Electronic Products & Technology

Survey findings reveal ‘the future of mobile devices’

EP&T Magazine   

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Global poll by Molex shows 90% of OEMs, suppliers expect form factors to change

Molex, a global electronics leader and connectivity supplier, unveiled the results of a global survey polling manufacturing stakeholders to identify the top trends and technologies shaping the future of mobile devices. Survey findings reveal continued evolution of mobile-device form factors, disruptive features and innovations that will impact smartphones, smart wearables and other mobile devices manufactured in 2026.

“The future of mobile devices shines brightest when envisioning the potential to transform nearly every aspect of our daily lives,” said Justin Kerr, vice president and general manager, Micro Solutions Business Unit, Molex. “Different device combinations and form factors will emerge to propel life-changing innovations in ‘connectedness’—from new healthcare apps and smart home hubs to mobile payments and other possibilities limited only by our imaginations.”

Molex commissioned Dimensional Research to conduct The Future of Mobile Devices global survey in July 2021, polling 207 qualified participants representing mobile device OEMs and suppliers. A variety of questions were asked to identify the features and timeframes for future mobile devices, as well as gauge the growing impact of 5G and connectivity innovations, along with barriers impeding overall progress.


No ‘typical’ mobile device in 2026

Survey participants were asked a series of questions to help inform a depiction of typical smartphones and mobile devices in 2026. While responses identified various features, some of which are available already, others are likely further out on the horizon. As a result, no unanimous description emerged of a typical mobile device in 2026.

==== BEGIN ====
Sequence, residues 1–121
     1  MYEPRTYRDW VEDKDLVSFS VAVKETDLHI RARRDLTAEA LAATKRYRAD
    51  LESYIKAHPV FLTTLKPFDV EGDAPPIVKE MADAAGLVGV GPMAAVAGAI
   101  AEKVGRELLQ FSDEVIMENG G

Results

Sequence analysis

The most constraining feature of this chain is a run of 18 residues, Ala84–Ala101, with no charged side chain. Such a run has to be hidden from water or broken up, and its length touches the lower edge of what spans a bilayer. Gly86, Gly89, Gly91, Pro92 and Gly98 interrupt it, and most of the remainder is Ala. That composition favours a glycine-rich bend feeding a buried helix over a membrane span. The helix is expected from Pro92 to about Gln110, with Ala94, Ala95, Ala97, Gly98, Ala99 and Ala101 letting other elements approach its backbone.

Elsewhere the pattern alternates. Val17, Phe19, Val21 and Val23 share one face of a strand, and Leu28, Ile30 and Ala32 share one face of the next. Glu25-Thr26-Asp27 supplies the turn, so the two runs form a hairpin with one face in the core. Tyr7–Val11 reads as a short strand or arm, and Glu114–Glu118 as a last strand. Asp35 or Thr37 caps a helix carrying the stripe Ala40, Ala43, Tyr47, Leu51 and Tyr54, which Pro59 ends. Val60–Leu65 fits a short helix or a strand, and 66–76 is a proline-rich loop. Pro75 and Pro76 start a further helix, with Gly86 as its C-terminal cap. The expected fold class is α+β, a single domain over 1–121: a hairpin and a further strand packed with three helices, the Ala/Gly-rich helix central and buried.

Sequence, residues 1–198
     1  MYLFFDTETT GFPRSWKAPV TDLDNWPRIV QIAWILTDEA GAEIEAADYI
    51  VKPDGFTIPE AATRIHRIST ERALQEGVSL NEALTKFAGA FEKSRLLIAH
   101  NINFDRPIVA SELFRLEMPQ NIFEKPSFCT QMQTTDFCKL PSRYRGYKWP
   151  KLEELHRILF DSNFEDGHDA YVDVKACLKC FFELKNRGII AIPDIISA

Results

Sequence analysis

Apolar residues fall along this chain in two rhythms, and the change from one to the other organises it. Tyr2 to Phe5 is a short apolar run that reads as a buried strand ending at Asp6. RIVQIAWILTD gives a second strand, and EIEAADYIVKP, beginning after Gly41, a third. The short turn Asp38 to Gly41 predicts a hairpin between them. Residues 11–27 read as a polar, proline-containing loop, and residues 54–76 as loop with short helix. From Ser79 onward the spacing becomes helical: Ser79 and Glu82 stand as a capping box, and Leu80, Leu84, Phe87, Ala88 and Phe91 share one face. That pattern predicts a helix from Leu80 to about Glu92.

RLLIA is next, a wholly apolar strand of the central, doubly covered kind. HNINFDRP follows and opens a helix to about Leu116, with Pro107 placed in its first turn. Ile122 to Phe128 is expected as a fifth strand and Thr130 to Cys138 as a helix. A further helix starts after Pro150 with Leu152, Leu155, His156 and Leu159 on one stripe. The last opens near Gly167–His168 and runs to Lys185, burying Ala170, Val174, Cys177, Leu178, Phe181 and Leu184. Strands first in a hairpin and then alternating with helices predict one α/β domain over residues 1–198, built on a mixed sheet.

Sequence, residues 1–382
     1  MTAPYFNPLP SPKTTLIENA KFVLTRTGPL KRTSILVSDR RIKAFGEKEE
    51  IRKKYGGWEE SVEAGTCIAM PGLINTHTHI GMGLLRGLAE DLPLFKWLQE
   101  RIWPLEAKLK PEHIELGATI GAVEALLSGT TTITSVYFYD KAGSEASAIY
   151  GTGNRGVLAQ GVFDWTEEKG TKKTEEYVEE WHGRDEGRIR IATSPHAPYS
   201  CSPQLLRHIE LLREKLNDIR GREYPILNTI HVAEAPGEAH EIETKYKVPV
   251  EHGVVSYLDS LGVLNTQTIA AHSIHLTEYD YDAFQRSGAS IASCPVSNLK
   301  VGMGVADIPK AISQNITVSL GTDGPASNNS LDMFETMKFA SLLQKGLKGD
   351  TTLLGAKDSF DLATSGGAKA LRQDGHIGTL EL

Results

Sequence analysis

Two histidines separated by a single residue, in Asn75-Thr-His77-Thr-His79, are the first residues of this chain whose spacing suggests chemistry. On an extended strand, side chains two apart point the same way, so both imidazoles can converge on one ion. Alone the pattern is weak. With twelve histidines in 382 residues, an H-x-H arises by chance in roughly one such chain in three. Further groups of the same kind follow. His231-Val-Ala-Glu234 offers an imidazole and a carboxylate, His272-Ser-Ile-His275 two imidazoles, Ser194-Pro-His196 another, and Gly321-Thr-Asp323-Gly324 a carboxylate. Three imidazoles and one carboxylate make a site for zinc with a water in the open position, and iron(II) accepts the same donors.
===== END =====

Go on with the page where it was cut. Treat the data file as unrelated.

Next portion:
The top-five disruptive features most anticipated, and ranked in order, by respondents are self-charging; holographic or projection displays; fully recyclable; environment-proof, such as dust- or waterproof; and no-break displays. Also on the list are foldable devices, pop-up cameras, health biosensors, rollable devices and separation of device and display. Time will tell which features attain enough practical applications, market momentum and customer traction to become standardized in five years, if ever.

According to the survey, form factors (e.g., screen size, shape, etc.) also will evolve over the next five years. While 90% of those polled expect mobile devices to take on different form factors, there wasn’t consensus on whether they would be smaller, larger or different altogether. Nearly two-thirds believe demand for novel wearables will grow, including smart clothing (40%), glasses (33%), earpieces (29%) and watches (29%). Typical consumers will likely have more specialized devices by 2026, according to two-thirds of those polled. Still, 64% believe smartphones with integrated capabilities will minimize or replace the need for tablets.

Connectivity & 5G lead significant innovations, benefits

Respondents also were asked to rank up to five of the top features poised for the greatest amount of innovation in mobile devices manufactured in 2026. They cited data connectivity (42%), followed by wireless charging (36%), cameras (33%), Wi-Fi connectivity (28%) and built-in speakers (28%). Additionally, 82% expect consumers to reap significant benefits from 5G-enabled mobile devices by 2026. Ultra-fast 5G or mmWave ranked first (42%) in enabling technologies forecasted to drive disruption in mobile device manufacturing, followed by two-way wireless charging, optical waveguides for smart glasses, cameras with wafer-level optics, and nanoscale or micro-scale components.

Continued focus on solving tech challenges

Among mobile device OEMs and their suppliers, technology challenges remain that could impact plans for building future mobile devices. According to the survey participants, the most difficult problems to address are performance of 5G cellular connectivity (37%), high-speed wireless charging (37%), battery life (36%), sustainability (35%) and inability to produce small components at micro or nano scale (27%).


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